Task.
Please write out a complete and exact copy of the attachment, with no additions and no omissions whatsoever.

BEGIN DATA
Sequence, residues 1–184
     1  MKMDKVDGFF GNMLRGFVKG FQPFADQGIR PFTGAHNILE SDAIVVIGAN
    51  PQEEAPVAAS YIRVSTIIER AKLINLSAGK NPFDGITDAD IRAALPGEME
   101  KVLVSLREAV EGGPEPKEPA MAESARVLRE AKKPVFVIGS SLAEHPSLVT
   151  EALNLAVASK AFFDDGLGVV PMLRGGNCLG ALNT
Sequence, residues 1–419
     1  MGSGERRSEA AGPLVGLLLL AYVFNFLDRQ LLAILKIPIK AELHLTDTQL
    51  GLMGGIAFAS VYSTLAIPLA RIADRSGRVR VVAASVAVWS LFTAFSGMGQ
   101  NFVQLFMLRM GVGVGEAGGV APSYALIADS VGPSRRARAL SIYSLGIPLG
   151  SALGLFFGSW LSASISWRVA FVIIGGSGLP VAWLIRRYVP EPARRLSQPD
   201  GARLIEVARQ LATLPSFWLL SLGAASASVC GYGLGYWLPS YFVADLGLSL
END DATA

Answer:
Sequence, residues 1–184
     1  MKMDKVDGFF GNMLRGFVKG FQPFADQGIR PFTGAHNILE SDAIVVIGAN
    51  PQEEAPVAAS YIRVSTIIER AKLINLSAGK NPFDGITDAD IRAALPGEME
   101  KVLVSLREAV EGGPEPKEPA MAESARVLRE AKKPVFVIGS SLAEHPSLVT
   151  EALNLAVASK AFFDDGLGVV PMLRGGNCLG ALNT
Sequence, residues 1–419
     1  MGSGERRSEA AGPLVGLLLL AYVFNFLDRQ LLAILKIPIK AELHLTDTQL
    51  GLMGGIAFAS VYSTLAIPLA RIADRSGRVR VVAASVAVWS LFTAFSGMGQ
   101  NFVQLFMLRM GVGVGEAGGV APSYALIADS VGPSRRARAL SIYSLGIPLG
   151  SALGLFFGSW LSASISWRVA FVIIGGSGLP VAWLIRRYVP EPARRLSQPD
   201  GARLIEVARQ LATLPSFWLL SLGAASASVC GYGLGYWLPS YFVADLGLSL